The Reserve Bank of India is likely to propose stricter regulatory norms for shadow banks in a bid to strengthen solvency and sustainability of a sector that has been showing signs of stress in recent years, two sources said. RBI began trying to move towards tighter norms for the sector after Infrastructure Leasing & Financial Services, the largest NBFC, went bankrupt in 2018, and Dewan Housing Finance Corp and Altico Capital defaulted on payments in 2019. The RBI is expected to set out its proposals in a discussion paper next week and recommend that bigger non-banking finance companies (NBFCs), or shadow banks, maintain a statutory liquidity ratio (SLR), the sources said.
Neither officials wished to be named as the discussions on the proposals have not been made public. Currently, banks are mandated to maintain SLR or the minimum percentage of deposits that they must hold in the form of liquid cash, gold or government securities at 18 per cent. The RBI could also suggest large NBFCs be required maintain a cash reserve ratio. CRR currently stands at 3 per cent, below the usual 4 per cent level, after a temporary reduction by RBI due to the ongoing pandemic that will be reversed after March 31.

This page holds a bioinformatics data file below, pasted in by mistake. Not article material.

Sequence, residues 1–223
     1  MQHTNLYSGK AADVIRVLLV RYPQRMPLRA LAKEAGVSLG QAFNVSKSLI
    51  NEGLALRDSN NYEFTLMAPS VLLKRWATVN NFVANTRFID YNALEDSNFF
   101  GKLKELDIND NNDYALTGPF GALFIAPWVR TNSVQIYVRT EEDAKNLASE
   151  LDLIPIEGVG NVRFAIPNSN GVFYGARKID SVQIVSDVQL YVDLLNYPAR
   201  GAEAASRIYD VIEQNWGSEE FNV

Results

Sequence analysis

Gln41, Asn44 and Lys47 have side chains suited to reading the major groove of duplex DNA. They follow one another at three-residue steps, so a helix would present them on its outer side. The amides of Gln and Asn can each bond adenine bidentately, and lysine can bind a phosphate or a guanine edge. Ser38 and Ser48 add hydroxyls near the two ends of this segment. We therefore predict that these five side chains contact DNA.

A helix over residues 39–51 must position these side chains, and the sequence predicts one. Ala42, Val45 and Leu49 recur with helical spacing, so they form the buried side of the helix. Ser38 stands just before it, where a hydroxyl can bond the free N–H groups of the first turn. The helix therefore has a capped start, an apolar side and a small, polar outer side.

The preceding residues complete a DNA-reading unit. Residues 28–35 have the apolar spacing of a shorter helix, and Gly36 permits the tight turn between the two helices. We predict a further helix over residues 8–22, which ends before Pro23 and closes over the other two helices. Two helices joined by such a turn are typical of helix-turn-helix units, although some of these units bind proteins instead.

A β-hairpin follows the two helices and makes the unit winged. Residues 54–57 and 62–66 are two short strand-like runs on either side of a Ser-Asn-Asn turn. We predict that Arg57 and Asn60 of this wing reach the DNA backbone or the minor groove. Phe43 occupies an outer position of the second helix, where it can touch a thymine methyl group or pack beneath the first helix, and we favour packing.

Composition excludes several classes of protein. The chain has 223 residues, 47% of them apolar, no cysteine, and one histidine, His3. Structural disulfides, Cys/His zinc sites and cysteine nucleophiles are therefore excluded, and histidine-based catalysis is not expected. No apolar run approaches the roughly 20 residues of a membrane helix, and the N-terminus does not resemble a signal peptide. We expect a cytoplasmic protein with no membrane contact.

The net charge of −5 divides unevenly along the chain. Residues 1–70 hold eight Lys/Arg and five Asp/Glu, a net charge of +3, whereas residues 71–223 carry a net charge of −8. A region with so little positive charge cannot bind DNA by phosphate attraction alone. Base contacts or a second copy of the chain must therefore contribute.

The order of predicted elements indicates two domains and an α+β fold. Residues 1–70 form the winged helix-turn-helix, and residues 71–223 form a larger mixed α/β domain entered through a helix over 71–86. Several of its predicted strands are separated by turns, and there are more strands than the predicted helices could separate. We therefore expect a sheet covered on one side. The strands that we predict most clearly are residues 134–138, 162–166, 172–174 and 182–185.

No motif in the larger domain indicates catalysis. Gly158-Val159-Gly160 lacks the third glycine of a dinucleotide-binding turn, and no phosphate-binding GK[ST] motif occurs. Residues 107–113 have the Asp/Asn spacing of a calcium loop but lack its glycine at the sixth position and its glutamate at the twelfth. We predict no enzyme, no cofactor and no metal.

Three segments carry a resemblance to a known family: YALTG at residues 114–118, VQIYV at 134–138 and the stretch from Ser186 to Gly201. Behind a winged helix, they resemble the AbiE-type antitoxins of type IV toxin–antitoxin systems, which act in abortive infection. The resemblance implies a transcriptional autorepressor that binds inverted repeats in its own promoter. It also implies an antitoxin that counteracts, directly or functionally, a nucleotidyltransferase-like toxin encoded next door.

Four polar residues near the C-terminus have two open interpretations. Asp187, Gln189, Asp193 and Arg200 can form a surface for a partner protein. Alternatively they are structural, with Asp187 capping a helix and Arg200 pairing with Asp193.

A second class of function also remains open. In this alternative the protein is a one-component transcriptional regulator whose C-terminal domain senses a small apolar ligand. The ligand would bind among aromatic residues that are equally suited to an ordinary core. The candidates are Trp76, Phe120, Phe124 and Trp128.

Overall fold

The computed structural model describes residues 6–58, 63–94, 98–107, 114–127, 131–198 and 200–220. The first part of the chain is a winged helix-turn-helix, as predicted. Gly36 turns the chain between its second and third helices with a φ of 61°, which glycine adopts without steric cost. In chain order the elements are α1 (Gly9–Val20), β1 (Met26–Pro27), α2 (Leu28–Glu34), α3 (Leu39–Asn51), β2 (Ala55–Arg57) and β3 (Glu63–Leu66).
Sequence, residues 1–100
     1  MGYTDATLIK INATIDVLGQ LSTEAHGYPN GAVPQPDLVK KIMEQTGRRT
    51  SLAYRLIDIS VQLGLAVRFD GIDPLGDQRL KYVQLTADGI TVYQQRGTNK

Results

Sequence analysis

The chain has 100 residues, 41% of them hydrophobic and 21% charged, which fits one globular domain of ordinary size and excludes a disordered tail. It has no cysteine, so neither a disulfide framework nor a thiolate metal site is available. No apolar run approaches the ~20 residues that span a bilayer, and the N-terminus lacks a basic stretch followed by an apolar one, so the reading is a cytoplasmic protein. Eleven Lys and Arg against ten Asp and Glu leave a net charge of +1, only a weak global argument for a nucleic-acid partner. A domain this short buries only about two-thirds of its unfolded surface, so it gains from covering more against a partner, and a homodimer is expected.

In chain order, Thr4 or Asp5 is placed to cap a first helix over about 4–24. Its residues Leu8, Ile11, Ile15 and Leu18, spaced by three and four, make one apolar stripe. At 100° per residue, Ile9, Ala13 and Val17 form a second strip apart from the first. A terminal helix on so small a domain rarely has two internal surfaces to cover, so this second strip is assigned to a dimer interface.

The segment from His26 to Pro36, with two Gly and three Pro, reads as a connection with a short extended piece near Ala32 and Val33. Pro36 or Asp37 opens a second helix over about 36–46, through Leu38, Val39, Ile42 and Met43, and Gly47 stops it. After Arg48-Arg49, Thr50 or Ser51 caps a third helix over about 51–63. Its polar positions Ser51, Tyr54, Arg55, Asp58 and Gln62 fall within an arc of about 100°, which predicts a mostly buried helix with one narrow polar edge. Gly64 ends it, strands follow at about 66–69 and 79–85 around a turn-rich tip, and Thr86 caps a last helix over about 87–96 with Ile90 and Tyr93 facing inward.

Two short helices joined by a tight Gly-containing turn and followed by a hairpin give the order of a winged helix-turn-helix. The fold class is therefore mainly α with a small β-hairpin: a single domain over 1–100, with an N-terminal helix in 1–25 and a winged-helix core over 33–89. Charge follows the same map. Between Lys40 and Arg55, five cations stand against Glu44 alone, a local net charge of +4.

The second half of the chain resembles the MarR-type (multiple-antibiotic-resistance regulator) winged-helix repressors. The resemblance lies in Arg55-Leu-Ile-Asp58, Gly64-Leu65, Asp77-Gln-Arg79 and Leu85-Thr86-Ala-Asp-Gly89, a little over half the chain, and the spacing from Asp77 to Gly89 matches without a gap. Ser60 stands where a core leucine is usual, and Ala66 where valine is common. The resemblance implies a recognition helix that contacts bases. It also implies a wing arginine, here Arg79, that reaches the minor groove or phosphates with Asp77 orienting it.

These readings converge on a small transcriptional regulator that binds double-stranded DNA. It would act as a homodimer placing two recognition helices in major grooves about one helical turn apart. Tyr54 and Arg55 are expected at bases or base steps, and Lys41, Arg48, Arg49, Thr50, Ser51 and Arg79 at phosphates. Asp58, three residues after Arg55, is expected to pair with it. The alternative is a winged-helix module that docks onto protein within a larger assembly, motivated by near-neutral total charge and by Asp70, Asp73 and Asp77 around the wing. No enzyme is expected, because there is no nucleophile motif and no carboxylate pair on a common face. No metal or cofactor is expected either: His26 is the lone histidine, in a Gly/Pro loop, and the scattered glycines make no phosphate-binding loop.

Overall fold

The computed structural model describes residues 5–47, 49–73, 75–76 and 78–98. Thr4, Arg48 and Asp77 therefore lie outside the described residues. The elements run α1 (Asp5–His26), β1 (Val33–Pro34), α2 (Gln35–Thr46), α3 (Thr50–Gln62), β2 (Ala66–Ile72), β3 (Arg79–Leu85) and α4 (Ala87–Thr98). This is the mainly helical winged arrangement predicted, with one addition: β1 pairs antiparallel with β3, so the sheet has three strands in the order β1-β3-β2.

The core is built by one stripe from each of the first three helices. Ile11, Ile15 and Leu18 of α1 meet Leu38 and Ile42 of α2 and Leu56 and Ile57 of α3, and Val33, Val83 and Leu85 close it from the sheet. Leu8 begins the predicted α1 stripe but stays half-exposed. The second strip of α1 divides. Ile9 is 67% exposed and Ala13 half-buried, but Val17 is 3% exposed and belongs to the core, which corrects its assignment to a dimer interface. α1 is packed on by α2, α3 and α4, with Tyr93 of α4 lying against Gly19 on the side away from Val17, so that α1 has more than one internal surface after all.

“As a security, to ensure sustainability and also to ensure liquidity for NBFCs, SLR and other steps, like CRR are being contemplated,” one of the officials said. The move could be a huge cash drain for the sector which is currently free from maintaining these reserve ratios, which allows them to give loans to sub prime lenders as well.
The proposal, however, is expected to recommend a phased implementation of the reserve ratios, ensuring NBFCs are given time to adhere to the norms, the official said. “Cost of compliance to rules and regulations should be perceived as an investment as any inadequacy in this regard will prove to be detrimental,” RBI Governor Shaktikanta Das said in a speech on Saturday referring to increased regulation in recent years for banks and shadow banks.